While it is true that there are many countries with a longer tail than Australia, these are not countries to which we normally make comparisons, and it is notable that a few countries such as Estonia, Singapore and Ireland, record rates of around 11 per cent of students below the international baseline proficiency – close to half that of Australia.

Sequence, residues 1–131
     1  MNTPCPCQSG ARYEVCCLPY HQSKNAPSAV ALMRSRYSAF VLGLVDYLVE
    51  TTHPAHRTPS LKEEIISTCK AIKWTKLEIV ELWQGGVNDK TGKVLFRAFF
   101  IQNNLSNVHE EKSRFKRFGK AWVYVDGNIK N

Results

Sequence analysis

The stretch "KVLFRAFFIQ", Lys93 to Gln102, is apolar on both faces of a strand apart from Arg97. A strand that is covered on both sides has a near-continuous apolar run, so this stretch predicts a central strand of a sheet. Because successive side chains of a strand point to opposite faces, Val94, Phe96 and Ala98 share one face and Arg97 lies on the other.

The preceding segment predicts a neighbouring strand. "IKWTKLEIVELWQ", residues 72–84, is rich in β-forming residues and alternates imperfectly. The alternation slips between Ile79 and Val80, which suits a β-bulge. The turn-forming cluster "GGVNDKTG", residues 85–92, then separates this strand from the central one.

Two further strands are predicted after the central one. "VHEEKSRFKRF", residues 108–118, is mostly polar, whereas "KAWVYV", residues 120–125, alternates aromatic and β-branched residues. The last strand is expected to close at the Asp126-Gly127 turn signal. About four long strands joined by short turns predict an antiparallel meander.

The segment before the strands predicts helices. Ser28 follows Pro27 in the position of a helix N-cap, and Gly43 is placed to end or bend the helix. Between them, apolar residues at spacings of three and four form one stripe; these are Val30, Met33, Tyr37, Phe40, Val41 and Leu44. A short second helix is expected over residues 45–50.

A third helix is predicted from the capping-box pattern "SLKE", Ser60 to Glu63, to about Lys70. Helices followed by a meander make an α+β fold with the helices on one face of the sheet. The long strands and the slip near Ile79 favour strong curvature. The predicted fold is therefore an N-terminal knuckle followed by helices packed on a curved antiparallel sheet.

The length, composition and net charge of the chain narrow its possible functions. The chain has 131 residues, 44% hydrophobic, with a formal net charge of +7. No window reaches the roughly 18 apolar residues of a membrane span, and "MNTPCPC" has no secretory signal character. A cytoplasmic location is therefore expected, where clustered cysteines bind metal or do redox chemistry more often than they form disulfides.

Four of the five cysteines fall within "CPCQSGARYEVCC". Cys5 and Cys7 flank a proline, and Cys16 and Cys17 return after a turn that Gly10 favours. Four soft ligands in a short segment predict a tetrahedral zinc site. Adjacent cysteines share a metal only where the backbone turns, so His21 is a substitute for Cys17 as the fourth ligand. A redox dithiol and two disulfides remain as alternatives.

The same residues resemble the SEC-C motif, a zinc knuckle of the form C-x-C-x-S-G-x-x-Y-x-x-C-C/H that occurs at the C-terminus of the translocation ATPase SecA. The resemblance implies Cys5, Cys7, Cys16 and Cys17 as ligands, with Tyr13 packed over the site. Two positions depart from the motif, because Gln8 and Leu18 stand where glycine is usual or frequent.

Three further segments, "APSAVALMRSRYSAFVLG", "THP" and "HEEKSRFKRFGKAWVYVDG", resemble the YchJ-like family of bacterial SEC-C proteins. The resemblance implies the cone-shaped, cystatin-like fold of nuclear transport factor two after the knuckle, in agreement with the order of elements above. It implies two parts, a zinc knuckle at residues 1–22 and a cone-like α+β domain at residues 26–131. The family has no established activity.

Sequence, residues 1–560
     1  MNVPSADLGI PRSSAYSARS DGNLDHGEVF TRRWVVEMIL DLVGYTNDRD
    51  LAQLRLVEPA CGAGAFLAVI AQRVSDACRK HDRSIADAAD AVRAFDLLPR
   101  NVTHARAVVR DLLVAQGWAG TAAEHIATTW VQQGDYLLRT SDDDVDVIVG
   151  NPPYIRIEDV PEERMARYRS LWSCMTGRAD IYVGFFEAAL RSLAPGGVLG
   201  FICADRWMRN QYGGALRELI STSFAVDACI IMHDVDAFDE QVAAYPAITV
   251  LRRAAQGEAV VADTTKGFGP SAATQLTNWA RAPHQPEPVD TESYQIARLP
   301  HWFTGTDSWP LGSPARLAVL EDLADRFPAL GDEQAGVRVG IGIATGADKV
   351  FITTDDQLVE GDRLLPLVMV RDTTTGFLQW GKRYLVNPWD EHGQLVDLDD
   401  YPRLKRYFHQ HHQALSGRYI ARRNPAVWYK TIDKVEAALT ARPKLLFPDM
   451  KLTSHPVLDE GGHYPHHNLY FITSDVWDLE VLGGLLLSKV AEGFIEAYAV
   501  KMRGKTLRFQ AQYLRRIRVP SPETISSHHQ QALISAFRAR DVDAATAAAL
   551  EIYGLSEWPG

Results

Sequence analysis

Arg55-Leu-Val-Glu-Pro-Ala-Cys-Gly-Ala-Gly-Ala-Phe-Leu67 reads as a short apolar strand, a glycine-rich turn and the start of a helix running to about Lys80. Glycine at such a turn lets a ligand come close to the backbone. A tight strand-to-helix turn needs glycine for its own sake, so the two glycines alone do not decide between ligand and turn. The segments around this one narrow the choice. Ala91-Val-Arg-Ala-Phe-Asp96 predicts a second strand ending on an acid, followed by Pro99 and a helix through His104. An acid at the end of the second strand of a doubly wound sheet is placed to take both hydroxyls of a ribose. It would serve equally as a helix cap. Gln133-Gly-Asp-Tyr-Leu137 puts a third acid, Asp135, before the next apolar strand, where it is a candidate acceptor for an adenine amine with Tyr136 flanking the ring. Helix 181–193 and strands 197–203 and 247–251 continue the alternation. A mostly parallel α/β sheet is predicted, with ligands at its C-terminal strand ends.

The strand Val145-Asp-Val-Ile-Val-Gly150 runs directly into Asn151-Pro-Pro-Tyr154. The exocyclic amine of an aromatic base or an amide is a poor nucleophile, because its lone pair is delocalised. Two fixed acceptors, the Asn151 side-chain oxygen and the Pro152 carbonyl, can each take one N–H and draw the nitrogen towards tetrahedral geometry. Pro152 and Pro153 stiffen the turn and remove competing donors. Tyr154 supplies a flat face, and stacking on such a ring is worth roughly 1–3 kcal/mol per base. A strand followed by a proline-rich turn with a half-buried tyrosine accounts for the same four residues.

We know that students who perform poorly at 15 are at risk of dropping out of school completely (OECD, 2010), and that students who are poor readers at school are unlikely to improve much by the time they become young adults (Danish Ministry of Education, 2014). A range of studies have shown that low levels of literacy and numeracy skills limit access to well-paid and rewarding jobs, and, among other things, are reflected in poorer health outcomes and lower levels of social and political participation (Erikson et al., 2005; OECD, 2013). And, while raising standards is an important goal in its own right, it is also essential in ensuring that our education system is capable of achieving the aims of the Mparntwe Education Declaration – including ‘providing all young Australians with equality of opportunity’ (Education Services Australia, 2019, p.19).